Originally published on metropolis.co.jp on August 2011

Courtesy of Crypton Future Media

At sweet sixteen, Japanese pop phenomenon Hatsune Miku has her whole life ahead of her. In fact, she may have an eternity, because unlike her rivals she hasn’t aged a bit since her 2007 debut. And there are no tantrums or tiaras either, despite a number-one album. This teen only needs electricity.

With her trademark cyan pigtails, tomboy necktie and thigh-high boots, Miku’s faultless performances defy her youth. But then, as a hologram, it’s not her lack of faults that has garnered legions of glowstick-waving fans, it’s how very lifelike she—and the rise of digital pop stars—has become.

One of a host of digital creations from Sapporo’s Crypton Future Media, Miku’s name translates as “first sound of the future.” She was born out of Vocaloid voice synthesizer software first developed by Yamaha.

In an age of increasing consumer participation, real-life pop is allowing users to vote on the next big star via TV talent shows. With Crypton’s application this goes one step further, allowing the public to write songs and create videos for Miku; and even shape her personality and career to their own taste. Crypton decided Miku’s age, height and weight but users can determine her other traits.
Miku’s vocals are provided by just one person: 26-year-old voice actress Saki Fujita. Samples of Fujita singing are strung together to create full words and phrases, with the pitch altered by Yamaha’s Vocaloid synthesizer engine and played out via a keyboard.

With additional software called Miku Append, her voice becomes enriched with six tones: Soft (gentle, delicate voice), Sweet (young, childlike voice), Dark (mature, heartbroken voice), Vivid (bright, cheerful voice), Solid (loud, clear voice), and Light (innocent, heavenly voice).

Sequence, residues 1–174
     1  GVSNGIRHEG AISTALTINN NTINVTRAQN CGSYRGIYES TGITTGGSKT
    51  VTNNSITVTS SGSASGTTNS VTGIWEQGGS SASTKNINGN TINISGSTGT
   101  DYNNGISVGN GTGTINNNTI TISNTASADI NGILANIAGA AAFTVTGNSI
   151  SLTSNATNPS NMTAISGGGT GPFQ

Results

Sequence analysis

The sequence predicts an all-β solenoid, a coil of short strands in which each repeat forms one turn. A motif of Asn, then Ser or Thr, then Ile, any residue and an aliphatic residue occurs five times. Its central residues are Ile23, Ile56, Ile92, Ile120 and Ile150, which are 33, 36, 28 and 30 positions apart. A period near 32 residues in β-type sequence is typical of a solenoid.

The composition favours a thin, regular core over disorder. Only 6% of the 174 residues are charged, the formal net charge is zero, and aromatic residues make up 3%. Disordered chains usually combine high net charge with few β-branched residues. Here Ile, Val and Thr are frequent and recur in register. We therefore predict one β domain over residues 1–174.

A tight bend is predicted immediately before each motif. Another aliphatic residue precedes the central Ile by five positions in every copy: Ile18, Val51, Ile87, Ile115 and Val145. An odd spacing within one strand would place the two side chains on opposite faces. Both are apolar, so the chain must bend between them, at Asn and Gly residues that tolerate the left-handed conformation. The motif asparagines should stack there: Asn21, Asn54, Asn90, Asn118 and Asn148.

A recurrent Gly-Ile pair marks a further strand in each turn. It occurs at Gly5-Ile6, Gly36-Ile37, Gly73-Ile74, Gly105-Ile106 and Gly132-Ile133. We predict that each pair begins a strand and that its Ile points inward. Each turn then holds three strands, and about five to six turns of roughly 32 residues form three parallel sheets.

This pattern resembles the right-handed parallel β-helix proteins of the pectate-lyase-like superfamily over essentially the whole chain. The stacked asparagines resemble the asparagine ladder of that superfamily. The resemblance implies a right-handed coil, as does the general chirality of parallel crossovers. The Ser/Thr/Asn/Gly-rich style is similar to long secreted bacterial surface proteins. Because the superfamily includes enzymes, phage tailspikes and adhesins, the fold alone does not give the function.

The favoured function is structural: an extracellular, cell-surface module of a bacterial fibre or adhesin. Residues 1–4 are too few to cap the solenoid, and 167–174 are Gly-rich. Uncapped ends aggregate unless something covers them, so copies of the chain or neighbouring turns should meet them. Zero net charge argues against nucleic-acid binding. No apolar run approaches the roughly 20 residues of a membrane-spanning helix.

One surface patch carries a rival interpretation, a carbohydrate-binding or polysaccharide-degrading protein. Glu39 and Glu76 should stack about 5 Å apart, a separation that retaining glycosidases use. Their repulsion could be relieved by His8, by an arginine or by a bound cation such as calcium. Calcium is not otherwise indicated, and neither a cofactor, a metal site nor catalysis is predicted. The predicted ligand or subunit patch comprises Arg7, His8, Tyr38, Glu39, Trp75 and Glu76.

A wide variety of Hatsune Mikus have already debuted, from the cute and child-like to sexy adult versions. Her future depends on which the fans accept.

Since her creation, the animated starlet has inspired not only fans, but artists, digital creators and even fashion trends, featuring on the cover of UK magazine Clash with a real-life model. Her first solo live show in August 2009 wowed a Tokyo audience and YouTube watchers alike, with the video for “World Is Mine” attracting millions of hits.

Miku recently stepped into the wider world in a July 2 performance at the 2011 Anime Expo in Los Angeles. Described by the LA Times as the “biggest guest,” she stole the show from real-life J-pop groups Nirgilis and Kalafina. The Times went on to say that “[Miku] perfectly embodies the fantastic creations the convention celebrates.”

3-D holographic live performances have been seen before in the shape of British unit Gorillaz, but Crypton believes the possibilities of merging music, anime and technology are far wider than Damon Albarn’s group might first have thought. While Gorillaz are actual artists, Hatsune Miku and her followers put the artistry in the hands of the masses.

Crypton thinks of it as a democracy they enjoy governing. Their most recent development is mikubook.com, a community where fans can recommend their favorite videos and develop future digital stars, some of whom have already joined Miku on stage.

The site is in English, highlighting a growing interest in Japan’s latest hi-tech cultural export. Crypton President Hiroyuki Itoh says that over 100,000 people have designed visuals and videos for Miku, and over 10,000 have written songs for her.

A computer software company managing a successful pop star is likely more of a surprise for the public than the music industry. Crypton has been selling music production software since 1995. “We create products or services for creators,” says Itoh. “We call ourselves a ‘meta creator.’”

An English version of the Hatsune Miku software is due soon, at which point the sound of the future will have fully arrived on the world stage.